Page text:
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Understanding Genetics Made (a little) Easier - The Graphic Treatment
on December 27, 2008
It is no small task to explain how atoms form into chemicals, chromosomes, and the proteins which make up 'the stuff of life'. But Mark Shultz attempts to do that in just under 150 pages. Schultz uses a graphic novel format and copious illustrations to make this sometimes daunting topic accessible to the general reader. The book uses a visual learning style, mirroring each point with an illustrations as it drives through Shultz's text, which can sometimes be as dense in information as the coiled strands of DNA the book is attempting to explain.
The premise for the book is that an intelligent race of Squinch (similar to our sea cucumbers, but intelligent) are in peril as their species lacks genetic diversity. Coming to the rescue is Chief Scientist Bloort 183 who presents a galaxy-spanning report on the nature of Earth's DNA and genetics. Bloort must explain to his Supreme Highness how the reproductive strategy used by Earth's creatures brings about species diversity and why it is a winning strategy for life.
The text is written at a level suitable for high-school and college freshmen. My seventh-grader, who is studying genetics as a part of her curriculum said most of the book was over her head. I would recommend following up this book with a more in-depth exploration provided by MIT's OpenCoursware biology 700 series of video lectures, which are the lectures MIT provides its Freshmen.
The pace is very brisk and at times the terms and concept come fast and furious. Bloort does pause to make sure that the his Highness is able to recap one or two of the key points. The book does well when it uses the illustrations to explain some of the more difficult to grasp concepts, such as those related to molecular and cellar-level genetics. And it is at its best when it slows down long enough to explain a particularly difficult concept using more than a single example to illustrate the point. For the most part the illustrations worked well to reinforce the point being discussed, but the illustrations are also used as a counterpoint, providing some light-hearted relief.
In trying to explain genetic diversity the book starts with atoms, shows how they self-assemble into DNA and RNA and explains the processes RNA uses to copy DNA or assemble amino acids and proteins. The book does an excellent job of explaining the workings of chromosomes and inheritance, illustrating how the shuffling of genes leads to dominant and recessive traits, such as eye color. Genetic mutations are explored, part of nature's arsenal for genetic diversity. The book also touches on the genetic relatedness of all Earth's species and delves into the latest efforts of the Human Genome Project to read the entire DNA code for our own species.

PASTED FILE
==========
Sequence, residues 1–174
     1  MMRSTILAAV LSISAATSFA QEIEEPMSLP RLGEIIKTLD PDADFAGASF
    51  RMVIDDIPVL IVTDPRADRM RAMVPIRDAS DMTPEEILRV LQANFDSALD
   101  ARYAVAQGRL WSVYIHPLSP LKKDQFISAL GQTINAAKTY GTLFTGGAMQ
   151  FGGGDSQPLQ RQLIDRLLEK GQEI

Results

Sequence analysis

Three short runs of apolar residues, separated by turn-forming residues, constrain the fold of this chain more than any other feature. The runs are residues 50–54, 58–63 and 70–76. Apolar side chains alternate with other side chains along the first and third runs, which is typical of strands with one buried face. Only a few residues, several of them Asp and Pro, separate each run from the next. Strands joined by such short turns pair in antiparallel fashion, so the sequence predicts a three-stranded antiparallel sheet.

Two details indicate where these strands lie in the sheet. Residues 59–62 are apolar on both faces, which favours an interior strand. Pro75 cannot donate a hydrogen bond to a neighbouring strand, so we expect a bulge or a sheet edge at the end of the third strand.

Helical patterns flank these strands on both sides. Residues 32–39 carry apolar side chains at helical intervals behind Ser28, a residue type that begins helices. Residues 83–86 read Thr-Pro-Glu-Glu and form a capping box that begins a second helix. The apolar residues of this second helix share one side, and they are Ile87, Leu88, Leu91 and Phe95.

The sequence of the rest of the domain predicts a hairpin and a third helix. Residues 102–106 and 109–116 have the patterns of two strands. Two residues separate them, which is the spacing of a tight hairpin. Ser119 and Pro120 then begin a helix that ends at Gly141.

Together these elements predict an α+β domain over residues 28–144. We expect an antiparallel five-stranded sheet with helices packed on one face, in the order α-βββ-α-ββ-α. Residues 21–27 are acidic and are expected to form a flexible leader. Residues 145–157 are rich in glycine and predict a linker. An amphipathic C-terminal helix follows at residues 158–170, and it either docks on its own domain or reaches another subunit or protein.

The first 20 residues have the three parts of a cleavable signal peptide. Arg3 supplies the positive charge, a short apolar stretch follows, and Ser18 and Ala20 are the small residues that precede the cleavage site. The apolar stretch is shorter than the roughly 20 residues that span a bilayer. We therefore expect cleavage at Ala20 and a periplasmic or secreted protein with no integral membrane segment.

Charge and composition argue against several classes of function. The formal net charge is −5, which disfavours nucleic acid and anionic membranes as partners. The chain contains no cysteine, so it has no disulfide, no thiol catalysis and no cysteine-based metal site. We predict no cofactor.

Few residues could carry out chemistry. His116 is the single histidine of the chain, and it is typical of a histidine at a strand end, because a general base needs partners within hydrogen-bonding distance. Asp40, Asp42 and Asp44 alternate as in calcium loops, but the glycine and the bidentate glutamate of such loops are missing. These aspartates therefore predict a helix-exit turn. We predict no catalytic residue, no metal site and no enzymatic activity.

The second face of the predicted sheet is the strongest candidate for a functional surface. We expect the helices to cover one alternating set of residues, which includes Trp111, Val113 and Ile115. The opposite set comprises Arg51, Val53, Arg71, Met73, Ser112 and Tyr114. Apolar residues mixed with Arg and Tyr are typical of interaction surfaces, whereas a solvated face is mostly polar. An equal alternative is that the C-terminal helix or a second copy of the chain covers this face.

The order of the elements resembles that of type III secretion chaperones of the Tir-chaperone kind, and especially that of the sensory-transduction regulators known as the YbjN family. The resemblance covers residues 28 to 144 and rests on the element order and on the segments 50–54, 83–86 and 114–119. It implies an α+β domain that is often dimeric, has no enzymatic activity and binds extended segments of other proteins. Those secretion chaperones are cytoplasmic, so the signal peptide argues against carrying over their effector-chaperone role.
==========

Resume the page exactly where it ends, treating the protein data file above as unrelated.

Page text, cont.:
The book makes several brief stops to touch on topics of social interest, such as the politicization of science by the Soviet Union, cloning as it was used by vintners, and genetic counseling.
The book is not without its blemishes, such as page 44 "DNA from a Human Perspective, Part 2," which appears twice, including once where p36 should be. Part 1 seems to be missing due to an editorial or printing error. Nevertheless, this page exists to redress the wrong done to Rosalind Franklin, a female scientist and co-discover of DNA's structure, who originally went uncredited for her work in helping to discover the double helix shape of DNA. James Watson and Francis Crick received the lion's share of credit (and a Nobel Prize) for the discovery of the shape of DNA, but their work was most likely aided by access to Franklin's fine X-ray photographs of DNA's structure. Perhaps because of the male-dominated times, and partially because Franklin died of breast cancer before the Nobel prizes were awarded, she receives prominent mention in this section, returning her to a place in history posthumously.
Another minor nit occurs on page 128, which shows the split with proto-humans and chimps from a common ancestor, but would be more correct if it depicted the split as being between proto-humans and proto-chimps, since chimps, as well as humans, continued to evolve genetically during the past 5-million years.
This slender volume packs in a good deal of information, and is a fine way to gain a better understanding of the subject of life and how it works under the covers. The graphic novel format draws readers in and I found myself rooting for Bloort as he makes his case for understanding the science behind our genetic success.